here's what you'll need:

2 tbsp olive oil
1 onion or 2-3 shallots
2-3 cloves garlic
1 tsp cumin
1 tsp coriander
1 tsp ground fennel seeds
1.5 tsp cinnamon
1 tsp harissa paste
salt and pepper to taste [i like using white pepper]
roughly a pound of meat [without bones]
2-3 pears, cored and chopped
2 cups peas [i use frozen ones, so if you use fresh, you'll want to add them later in the cooking process]
small bunch of mint leaves, chopped
1 generous cup of water
crumbled goat cheese

that's a long list, but it's really not very difficult to make this work. "tajine" is basically stew, it's about patience and layering.

LET ME EXPLAIN AFTER THE BREAK...



fry the onions and garlic in the olive oil until the onions are limp but not browned. add the spices [cumin, coriander, fennel, cinnamon and harissa]. fry until well blended and fragrant. i recommend keeping heat medium, or shit will start burning.

add the meat, coat with the spice mix and continue to cook until browned on the outside. add the water. it should be enough to cover the meat. if it isn't, add more, because you want the meat covered. let the meat simmer like this for 10 minutes. add the pears and mix them with everything else. top up with a little water if necessary. cook 10 more minutes. add the peas. don't worry about mixing them in right now, just dump them on top of everything else. wait 10 minutes or so. if you're using frozen peas, you'll want to wait until they're heated up. this is an excellent way to tell when things are coming together, which is why i personally like the frozen option. when you reach this point, then you can stir the peas into the meat to mix everything up. add the chopped mint [reserving a little for garnish, if you want things to be pretty] and incorporate into the stew. let everything warm up for about 5 more minutes. ladle over the couscous [it's coming] using a slotted spoon. sprinkle the goat cheese over the top. leave the sauce on the heat for a few minutes if you need it to reduce. when it has a nice, viscous consistency, spoon it over the meal.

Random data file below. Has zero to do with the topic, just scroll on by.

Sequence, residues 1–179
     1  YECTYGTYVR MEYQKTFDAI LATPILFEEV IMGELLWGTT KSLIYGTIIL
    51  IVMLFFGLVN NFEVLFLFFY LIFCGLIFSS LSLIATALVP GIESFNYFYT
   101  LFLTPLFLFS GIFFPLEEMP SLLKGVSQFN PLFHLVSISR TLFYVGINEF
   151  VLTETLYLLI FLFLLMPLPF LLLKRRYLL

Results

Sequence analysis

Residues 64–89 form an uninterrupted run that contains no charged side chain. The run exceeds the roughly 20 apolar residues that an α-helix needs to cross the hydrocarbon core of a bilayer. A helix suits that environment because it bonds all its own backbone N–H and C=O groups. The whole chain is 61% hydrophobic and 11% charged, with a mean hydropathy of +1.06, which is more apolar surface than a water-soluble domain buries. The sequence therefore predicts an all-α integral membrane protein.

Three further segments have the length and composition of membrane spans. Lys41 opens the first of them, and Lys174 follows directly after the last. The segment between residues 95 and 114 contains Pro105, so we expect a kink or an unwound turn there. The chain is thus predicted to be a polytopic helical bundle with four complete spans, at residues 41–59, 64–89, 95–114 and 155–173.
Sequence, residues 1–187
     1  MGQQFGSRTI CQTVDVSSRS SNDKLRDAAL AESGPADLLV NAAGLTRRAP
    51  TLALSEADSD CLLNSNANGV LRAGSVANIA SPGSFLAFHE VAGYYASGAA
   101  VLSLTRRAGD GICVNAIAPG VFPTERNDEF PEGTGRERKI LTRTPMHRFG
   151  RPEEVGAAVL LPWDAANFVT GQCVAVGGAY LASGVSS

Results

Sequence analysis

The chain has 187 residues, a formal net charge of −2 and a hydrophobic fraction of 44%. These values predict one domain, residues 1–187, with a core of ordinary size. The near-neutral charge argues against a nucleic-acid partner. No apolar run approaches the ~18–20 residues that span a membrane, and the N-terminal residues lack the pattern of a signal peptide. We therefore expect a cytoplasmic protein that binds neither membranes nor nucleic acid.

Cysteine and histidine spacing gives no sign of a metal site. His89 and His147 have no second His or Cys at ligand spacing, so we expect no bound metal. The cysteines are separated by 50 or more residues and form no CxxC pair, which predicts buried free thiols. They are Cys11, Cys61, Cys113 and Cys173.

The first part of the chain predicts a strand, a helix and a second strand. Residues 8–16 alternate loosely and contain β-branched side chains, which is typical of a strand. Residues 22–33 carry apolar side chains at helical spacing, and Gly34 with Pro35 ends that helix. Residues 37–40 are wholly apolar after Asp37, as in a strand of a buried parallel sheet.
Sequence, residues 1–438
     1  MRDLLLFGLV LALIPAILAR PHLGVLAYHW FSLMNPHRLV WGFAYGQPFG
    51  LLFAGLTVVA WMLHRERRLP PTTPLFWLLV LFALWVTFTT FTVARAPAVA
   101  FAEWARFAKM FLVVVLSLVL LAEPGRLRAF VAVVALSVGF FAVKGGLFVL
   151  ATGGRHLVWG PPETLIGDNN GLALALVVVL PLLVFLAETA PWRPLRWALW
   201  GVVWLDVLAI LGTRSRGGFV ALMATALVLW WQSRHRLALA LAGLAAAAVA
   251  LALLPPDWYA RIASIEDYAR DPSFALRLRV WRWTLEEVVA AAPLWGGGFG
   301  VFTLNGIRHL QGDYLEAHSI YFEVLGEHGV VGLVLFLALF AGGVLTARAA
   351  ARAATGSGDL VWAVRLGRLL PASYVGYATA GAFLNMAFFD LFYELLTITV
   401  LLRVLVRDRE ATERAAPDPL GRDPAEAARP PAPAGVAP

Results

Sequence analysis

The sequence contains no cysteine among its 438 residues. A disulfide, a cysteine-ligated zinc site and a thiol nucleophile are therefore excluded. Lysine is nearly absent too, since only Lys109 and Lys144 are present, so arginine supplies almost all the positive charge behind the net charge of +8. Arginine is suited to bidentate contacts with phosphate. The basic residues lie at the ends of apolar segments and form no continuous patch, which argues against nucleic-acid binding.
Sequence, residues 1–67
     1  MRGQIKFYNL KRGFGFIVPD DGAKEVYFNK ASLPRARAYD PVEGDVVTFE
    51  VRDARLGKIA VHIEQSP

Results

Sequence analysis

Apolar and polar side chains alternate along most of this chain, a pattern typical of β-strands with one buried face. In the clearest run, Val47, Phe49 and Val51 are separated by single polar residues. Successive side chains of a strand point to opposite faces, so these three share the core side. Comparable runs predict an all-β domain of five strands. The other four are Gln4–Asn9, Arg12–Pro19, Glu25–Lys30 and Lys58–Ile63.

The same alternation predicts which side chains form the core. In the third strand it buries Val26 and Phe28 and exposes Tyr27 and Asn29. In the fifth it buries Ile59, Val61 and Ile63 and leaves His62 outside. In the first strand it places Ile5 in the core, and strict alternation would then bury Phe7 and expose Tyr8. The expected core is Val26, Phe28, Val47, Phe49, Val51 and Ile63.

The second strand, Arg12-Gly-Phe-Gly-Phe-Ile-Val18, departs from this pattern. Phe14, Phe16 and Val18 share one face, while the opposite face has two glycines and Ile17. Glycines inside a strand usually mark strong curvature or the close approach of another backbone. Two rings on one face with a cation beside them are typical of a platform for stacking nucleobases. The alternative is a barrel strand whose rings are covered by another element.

so what's with the couscous?

well, couscous is the national dish of algeria, so it's absolutely impossible to have a proper algerian meal without it. fortunately, it's a super-simple thing to prepare and you can easily do it while attending to your stew. you'll need:

2 cups couscous
3 cups water
4-5 figs, chopped
1.5 cups almonds, slivered

you can adjust the water to couscous ratio according to how much you need.

bring the water to a light boil. reduce heat to low and add the couscous. within about five minutes, the couscous will have absorbed the water and "puffed up". remove from the heat and stir in the figs and almonds. this is a really nice, hearty base for the tajine.

yum. trust me.

a special meal in celebration of a special team.

and once you've feasted on tajine and couscous, you might want to feast your eyes on...

mancandy of the match

i've already spoken of my admiration for the u.s. national team, but let's talk about an entirely different way of admiring them. let's talk about defensive midfielder and opportune goal-scorer jermaine jones.

dreadlocked teammate kyle beckerman has received a lot of lady-love on the internets since the tournament began, but my eye always drifts to jones.

i do love a man who can rock a hat
what's not to like?
gotta love a man with great tats
especially when he loves showing them off
show that pride, baby!
usa! usa! usa!
and now, since we've reached the halfway point in our little world cup adventure, here's an extra for you: